RogerBW's Blog

Uncut Gems 08 June 2023

2019 crime tragedy, dir. Josh and Benny Safdie, Adam Sandler; IMDb / allmovie. Gambling with the mob's money is not good for your health.

This film was very positively received. 91% on Rotten Tomatoes and Metacritic, in a bunch of best-films-of-the-year lists, several Independent Spirit awards, a Criterion Collection edition. I hated every moment of it.

Howard Ratner is a jeweller who sells tacky tat to people with with more money than sense or taste. He's also a gambling addict. And I have to say that this is well-observed: he has the classic addict's obsession, in which anything else, friendships, promises, common sense, will be subordinated to getting more of The Thing. Apparently this is a career-best performance from Adam Sandler. What it isn't is interesting to watch.

Almost everyone who knows Howard has been burned by him before and knows better than to trust him in even the smallest thing (the only exceptions are his mistress, who presumably hasn't known him for long, and his father-in-law who has rather less excuse). And I rapidly become one of those people: yeah Howard you have a big plan to solve everything, but I know it's just going to go wrong and get you into more trouble, the same as every other plan you have.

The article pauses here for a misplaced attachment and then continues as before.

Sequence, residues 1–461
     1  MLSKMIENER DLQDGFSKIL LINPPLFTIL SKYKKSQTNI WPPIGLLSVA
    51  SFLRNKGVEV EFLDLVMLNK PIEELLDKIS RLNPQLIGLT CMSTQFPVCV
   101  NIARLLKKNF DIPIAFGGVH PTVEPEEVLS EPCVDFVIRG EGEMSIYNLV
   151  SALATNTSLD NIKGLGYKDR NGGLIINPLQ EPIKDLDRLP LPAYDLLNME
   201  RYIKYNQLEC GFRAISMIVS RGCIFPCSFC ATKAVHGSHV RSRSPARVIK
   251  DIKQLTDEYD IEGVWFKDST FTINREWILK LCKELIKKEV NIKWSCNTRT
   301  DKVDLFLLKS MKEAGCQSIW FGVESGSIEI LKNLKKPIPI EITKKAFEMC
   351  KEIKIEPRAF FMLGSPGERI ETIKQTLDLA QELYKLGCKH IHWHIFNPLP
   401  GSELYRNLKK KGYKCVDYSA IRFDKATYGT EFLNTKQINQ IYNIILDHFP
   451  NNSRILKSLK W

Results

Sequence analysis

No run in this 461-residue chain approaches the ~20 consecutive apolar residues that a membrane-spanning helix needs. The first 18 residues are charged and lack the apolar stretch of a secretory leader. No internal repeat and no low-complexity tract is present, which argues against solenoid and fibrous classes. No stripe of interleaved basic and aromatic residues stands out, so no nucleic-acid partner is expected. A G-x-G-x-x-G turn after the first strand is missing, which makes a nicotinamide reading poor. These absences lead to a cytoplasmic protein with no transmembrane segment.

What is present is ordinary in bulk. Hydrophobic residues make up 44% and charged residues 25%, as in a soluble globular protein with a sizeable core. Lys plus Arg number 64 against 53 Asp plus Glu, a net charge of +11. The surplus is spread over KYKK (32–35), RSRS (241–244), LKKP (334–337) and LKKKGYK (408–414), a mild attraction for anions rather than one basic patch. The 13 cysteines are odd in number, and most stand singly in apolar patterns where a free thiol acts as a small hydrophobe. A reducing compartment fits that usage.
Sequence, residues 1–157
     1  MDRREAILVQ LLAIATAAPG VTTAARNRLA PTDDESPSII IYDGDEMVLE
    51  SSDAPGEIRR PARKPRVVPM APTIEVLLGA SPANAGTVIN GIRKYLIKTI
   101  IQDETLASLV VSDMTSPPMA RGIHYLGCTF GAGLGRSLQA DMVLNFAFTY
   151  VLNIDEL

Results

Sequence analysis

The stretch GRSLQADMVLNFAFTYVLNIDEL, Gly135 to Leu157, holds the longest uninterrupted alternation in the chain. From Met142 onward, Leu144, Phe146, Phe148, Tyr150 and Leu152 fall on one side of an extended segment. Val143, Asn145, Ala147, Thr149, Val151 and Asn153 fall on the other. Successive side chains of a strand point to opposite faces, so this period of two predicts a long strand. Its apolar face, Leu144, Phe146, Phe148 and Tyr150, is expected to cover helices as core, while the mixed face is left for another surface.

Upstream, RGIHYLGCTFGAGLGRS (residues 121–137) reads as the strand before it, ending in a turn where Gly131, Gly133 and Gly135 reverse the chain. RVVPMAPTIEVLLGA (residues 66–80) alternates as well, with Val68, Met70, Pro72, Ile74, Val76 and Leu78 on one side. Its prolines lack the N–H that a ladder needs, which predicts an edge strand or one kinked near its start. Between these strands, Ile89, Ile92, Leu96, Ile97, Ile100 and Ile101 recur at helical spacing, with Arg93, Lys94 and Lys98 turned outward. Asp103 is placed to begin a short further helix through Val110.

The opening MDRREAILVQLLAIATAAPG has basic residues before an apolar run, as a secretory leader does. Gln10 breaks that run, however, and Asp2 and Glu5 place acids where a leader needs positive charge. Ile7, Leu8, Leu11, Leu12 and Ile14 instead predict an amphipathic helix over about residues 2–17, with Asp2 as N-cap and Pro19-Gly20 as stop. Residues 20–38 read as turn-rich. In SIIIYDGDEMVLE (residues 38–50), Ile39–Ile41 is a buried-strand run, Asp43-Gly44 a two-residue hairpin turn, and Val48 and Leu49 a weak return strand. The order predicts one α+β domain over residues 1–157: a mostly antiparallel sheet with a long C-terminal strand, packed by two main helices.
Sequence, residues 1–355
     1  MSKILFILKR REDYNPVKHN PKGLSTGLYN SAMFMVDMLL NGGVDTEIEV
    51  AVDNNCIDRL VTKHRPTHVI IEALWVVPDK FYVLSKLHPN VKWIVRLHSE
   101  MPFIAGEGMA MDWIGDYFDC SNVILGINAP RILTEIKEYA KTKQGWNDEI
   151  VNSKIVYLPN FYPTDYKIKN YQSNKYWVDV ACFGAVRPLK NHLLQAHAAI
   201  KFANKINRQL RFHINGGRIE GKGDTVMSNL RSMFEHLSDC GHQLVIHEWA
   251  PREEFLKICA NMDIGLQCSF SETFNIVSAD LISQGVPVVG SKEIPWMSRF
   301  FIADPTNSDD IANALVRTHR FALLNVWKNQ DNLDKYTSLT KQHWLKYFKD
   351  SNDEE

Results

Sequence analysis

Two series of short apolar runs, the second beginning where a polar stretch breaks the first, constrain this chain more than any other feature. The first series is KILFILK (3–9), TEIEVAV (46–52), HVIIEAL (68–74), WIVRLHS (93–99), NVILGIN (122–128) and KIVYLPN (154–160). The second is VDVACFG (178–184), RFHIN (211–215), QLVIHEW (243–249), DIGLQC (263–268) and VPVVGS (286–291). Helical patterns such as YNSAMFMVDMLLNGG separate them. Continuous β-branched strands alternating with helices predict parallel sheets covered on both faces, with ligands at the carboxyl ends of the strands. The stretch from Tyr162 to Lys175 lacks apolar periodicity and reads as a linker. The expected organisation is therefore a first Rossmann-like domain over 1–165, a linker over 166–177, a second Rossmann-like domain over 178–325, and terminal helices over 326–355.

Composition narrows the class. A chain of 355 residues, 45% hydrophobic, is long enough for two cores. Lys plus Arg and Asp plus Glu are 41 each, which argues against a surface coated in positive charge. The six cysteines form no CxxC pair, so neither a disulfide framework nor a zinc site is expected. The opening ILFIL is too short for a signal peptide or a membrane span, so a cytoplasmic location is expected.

So yes, I am intellectually aware of the tension rising as Howard follows his addiction (if he wins, he did something right, so make another bet; if he loses, he needs more money, so make another bet), and I see that as in traditional tragedy the things that do for him are entirely of his own making; but I don't sympathise with him even a little bit, so I don't feel it. All that's left is Howard trying things on and the entire world trying to manage a basic level of politeness in the face of his constant stream of bullshit.

In fact I got a strong impression of a Trump-like character: the constant obsession with beating someone in a deal, the assumption that if you've done that they must love you, the utter lack of an actual personality to enjoy the nice things his lifestyle has brought him, the insulting manner to everyone until they have a thing that he wants.

The film wants us to think that Howard's wife Dinah is an unreasonable harridan, but everything she says is entirely reasonable. It wants us to think that his mistress Julia is unquestioningly in love with him, but she doesn't actually do anything that wouldn't also be consistent with simply liking the money he gives her. (If I were a fanfic writer, they'd meet at the support group for Ex-Partners of Unreasonable Assholes and make friends.)

The film wants us to think, in that last long slow zoom into Dead Howard, that oh boy wasn't this guy just a saint and isn't it a shame that he's dead? No. No, it really isn't. It could have happened two hours and fifteen minutes sooner.

I did like Daniel Lopatin's electronic score. It's a terrible fit for the film, but I enjoyed it in its own right.

I talk about this film further on Ribbon of Memes.

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